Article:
Moving Guide for Dogs and Cats

Sure, moving is stressful on us, but imagine what's going through your faithful companion's mind?  Here are some tips to help make the transition easier on Fido or Fluffy:


After all boxes have been delivered and all movers have left for the day, make sure all doors and windows are securely closed. Remember to block chimneys, too.  When things are quiet, let your cat out of his/her carrier.  Make sure there are familiar things around him, but nothing too loud or abrupt.

Your cat may want to explore, or he may be very traumatized and may want to just hide out under a bed for a few days.  You may want to set out some food and water nearby, and a favorite toy to reassure him.

Feliway® sprays or diffusers can be used to settle your cat. Feliway® is a product which reproduces certain pacifying properties of cat facial pheromones. For more information visit the Feliway Website


I read that dogs are easier to move with than cats because dogs become more attached to their owners as opposed to their environment. Unlike cats who prefer the routine, dogs may welcome a change in the environment, even thrive in it.


Before moving day, you may want to get  your dog used to riding in the car.   Start out by taking short trips and then increase the length of the trips bit by bit.  The last thing you want to have to do is unpack AND clean the car.

If you are moving with your dog to an area with a different climate, for example, from Florida to Minnesota, it is advisable for you to consult with your veterinarian.


On the Big Day:

Your dog may feel some anxiety.   "Who are all these people, and where are they taking all my stuff???"   Put your dog in a safe, secure room, either confining him with a baby gate or close the door.  Make sure there is food, water and a favorite blanket and toys.

Settling In to Your New Home:

Take your dog for a walk immediately.  He will want to release some energy, and will want some much needed attention from you!  Let your dog get familiar with his new neighborhood. .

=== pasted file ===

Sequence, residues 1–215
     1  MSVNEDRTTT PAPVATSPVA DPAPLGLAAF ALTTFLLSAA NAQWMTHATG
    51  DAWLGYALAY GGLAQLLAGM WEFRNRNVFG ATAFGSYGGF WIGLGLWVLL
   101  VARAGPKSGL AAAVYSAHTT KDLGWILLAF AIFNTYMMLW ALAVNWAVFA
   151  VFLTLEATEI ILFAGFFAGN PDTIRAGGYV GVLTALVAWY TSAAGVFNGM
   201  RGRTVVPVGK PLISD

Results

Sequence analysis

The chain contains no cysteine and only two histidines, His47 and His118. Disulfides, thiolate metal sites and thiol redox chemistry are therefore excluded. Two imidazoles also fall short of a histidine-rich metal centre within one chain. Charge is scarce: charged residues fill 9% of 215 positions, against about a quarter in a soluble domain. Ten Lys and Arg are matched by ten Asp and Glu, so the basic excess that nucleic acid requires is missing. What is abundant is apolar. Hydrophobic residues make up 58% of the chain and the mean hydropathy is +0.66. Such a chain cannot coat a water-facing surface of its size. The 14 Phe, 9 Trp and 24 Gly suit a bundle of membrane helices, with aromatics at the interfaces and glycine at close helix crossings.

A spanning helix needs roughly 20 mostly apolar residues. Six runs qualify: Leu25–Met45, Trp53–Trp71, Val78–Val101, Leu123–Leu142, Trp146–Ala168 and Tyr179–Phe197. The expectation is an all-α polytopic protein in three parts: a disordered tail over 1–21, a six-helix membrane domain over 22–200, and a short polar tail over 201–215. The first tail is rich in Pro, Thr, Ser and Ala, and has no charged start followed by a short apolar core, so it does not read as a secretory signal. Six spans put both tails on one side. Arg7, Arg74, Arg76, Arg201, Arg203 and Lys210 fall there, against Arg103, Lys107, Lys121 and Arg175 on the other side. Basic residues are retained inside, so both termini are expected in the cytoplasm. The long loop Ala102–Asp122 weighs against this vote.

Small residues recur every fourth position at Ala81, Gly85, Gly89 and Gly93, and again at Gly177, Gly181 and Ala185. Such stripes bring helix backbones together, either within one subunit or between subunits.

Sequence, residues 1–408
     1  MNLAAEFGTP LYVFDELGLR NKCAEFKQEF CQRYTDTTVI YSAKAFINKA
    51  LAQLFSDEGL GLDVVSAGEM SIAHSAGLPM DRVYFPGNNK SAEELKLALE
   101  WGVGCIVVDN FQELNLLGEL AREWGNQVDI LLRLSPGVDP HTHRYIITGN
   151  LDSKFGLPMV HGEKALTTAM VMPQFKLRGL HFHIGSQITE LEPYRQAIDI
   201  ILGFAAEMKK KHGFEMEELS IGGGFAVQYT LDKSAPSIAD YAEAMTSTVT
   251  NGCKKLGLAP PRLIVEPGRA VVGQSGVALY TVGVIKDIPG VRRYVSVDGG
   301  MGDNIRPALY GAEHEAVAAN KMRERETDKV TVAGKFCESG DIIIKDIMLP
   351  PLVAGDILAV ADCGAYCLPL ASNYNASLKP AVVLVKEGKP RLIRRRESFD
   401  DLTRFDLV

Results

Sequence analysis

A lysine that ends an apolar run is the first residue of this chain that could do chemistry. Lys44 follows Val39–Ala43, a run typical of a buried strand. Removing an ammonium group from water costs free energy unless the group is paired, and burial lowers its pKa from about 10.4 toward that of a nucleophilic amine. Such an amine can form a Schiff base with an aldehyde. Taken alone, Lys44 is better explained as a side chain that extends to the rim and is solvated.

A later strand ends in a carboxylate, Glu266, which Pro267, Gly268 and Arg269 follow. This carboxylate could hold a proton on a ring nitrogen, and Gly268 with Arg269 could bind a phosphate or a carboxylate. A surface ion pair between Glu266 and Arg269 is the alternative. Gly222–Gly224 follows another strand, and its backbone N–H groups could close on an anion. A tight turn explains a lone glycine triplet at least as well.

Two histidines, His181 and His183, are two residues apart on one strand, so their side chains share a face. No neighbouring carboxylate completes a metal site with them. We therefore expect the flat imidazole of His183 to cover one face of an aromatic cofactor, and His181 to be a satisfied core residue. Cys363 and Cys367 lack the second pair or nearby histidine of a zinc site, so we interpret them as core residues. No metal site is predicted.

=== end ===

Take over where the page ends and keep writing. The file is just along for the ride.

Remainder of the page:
• Provide a comfortable sleeping area for the dog.
  • Try to keep a familiar routine as far as daily walks and meals are concerned.
  • Dogs must go outside everyday. Teach them their limits as far as streets and traffic are concerned.
  • Be prepared for a transition in housebreaking, especially if you are moving from the suburbs to the city.

Some additional tips:




  • Plan ahead. Advance planning will make your move less stressful on you and your pet.
  • Pack over a period of time, and try to maintain your pet's normal routine.


  • Invest in a high-quality, sturdy pet carrier. If you have a dog or cat whom you want to keep safely confined on moving day, get a carrier ahead of time and gradually accustom your pet to spending time in it.  
  • Purchase a new ID tag for your pet. As soon as you know your new address, get a pet ID tag that includes your new address and telephone number(s). (Or obtain some other visible form of pet identification such as a collar with ID information imprinted on it or an identification band that attaches to the collar but does not dangle like a traditional tag.) An up-to-date ID tag is a lost pet's ticket home.  
  • Make your car trip safe. If you're traveling by car and your dog enjoys car travel, you may want to accustom him to a restraining harness. Because most cats aren't comfortable traveling in cars, it's best (for their safety as well as yours) to transport them in a well-ventilated and securely placed carrier. Never leave pets alone in a parked vehicle during warm weather as the temperature rises quickly and can injure or kill them. In any season, a pet in a parked vehicle is vulnerable to being harmed or stolen. Never put an animal in the trunk of a car, the open bed of a pickup truck, or the storage area of a moving van.
  • Talk to your veterinarian. If your pet doesn't enjoy car rides, consult your veterinarian about behavior modification or medication that might lessen the stress of travel. Depending on your destination, your pet may also need additional vaccinations, medications, and health certificates.  
  • Prepare your new home. Take with you all the familiar and necessary things your pet will need from day one in your new home: food, water, medications, bed, litter box, food and water bowls, and health records. Also have on hand a recent photo of your pet, for use if your pet becomes lost.
Suzanne Prezio

Suzanne Prezio

Licensed Real Estate Salesperson, CBR
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